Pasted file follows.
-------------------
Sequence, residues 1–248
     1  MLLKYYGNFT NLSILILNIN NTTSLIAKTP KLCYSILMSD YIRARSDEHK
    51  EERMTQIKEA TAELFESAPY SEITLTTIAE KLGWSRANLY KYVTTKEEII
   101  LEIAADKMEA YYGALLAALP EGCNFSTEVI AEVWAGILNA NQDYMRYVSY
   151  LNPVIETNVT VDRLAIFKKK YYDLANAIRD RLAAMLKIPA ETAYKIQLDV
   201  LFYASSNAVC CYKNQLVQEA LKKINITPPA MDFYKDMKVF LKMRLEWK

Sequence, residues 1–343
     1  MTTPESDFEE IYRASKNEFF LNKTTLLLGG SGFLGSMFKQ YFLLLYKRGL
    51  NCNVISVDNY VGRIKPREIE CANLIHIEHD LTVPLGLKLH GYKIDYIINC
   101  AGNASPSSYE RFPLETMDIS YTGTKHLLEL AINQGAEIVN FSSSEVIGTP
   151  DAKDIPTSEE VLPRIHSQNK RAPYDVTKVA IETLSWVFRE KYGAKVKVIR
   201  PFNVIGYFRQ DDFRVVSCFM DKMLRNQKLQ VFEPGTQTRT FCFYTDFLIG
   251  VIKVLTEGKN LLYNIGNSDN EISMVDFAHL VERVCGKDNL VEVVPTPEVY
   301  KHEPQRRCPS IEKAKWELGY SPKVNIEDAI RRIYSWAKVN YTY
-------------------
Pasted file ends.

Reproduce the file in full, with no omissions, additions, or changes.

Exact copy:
Sequence, residues 1–248
     1  MLLKYYGNFT NLSILILNIN NTTSLIAKTP KLCYSILMSD YIRARSDEHK
    51  EERMTQIKEA TAELFESAPY SEITLTTIAE KLGWSRANLY KYVTTKEEII
   101  LEIAADKMEA YYGALLAALP EGCNFSTEVI AEVWAGILNA NQDYMRYVSY
   151  LNPVIETNVT VDRLAIFKKK YYDLANAIRD RLAAMLKIPA ETAYKIQLDV
   201  LFYASSNAVC CYKNQLVQEA LKKINITPPA MDFYKDMKVF LKMRLEWK

Sequence, residues 1–343
     1  MTTPESDFEE IYRASKNEFF LNKTTLLLGG SGFLGSMFKQ YFLLLYKRGL
    51  NCNVISVDNY VGRIKPREIE CANLIHIEHD LTVPLGLKLH GYKIDYIINC
   101  AGNASPSSYE RFPLETMDIS YTGTKHLLEL AINQGAEIVN FSSSEVIGTP
   151  DAKDIPTSEE VLPRIHSQNK RAPYDVTKVA IETLSWVFRE KYGAKVKVIR
   201  PFNVIGYFRQ DDFRVVSCFM DKMLRNQKLQ VFEPGTQTRT FCFYTDFLIG
   251  VIKVLTEGKN LLYNIGNSDN EISMVDFAHL VERVCGKDNL VEVVPTPEVY
   301  KHEPQRRCPS IEKAKWELGY SPKVNIEDAI RRIYSWAKVN YTY